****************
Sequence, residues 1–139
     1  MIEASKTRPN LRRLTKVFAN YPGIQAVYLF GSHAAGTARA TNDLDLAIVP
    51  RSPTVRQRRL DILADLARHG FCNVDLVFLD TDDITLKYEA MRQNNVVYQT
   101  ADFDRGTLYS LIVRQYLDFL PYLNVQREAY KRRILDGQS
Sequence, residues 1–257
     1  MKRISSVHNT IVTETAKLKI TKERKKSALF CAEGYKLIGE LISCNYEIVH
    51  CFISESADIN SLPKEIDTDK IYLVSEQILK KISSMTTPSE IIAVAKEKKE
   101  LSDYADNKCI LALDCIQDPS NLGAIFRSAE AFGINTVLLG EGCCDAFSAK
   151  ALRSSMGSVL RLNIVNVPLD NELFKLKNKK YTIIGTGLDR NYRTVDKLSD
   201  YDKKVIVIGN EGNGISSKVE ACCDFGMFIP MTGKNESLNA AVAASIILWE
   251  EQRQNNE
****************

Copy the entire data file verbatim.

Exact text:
Sequence, residues 1–139
     1  MIEASKTRPN LRRLTKVFAN YPGIQAVYLF GSHAAGTARA TNDLDLAIVP
    51  RSPTVRQRRL DILADLARHG FCNVDLVFLD TDDITLKYEA MRQNNVVYQT
   101  ADFDRGTLYS LIVRQYLDFL PYLNVQREAY KRRILDGQS
Sequence, residues 1–257
     1  MKRISSVHNT IVTETAKLKI TKERKKSALF CAEGYKLIGE LISCNYEIVH
    51  CFISESADIN SLPKEIDTDK IYLVSEQILK KISSMTTPSE IIAVAKEKKE
   101  LSDYADNKCI LALDCIQDPS NLGAIFRSAE AFGINTVLLG EGCCDAFSAK
   151  ALRSSMGSVL RLNIVNVPLD NELFKLKNKK YTIIGTGLDR NYRTVDKLSD
   201  YDKKVIVIGN EGNGISSKVE ACCDFGMFIP MTGKNESLNA AVAASIILWE
   251  EQRQNNE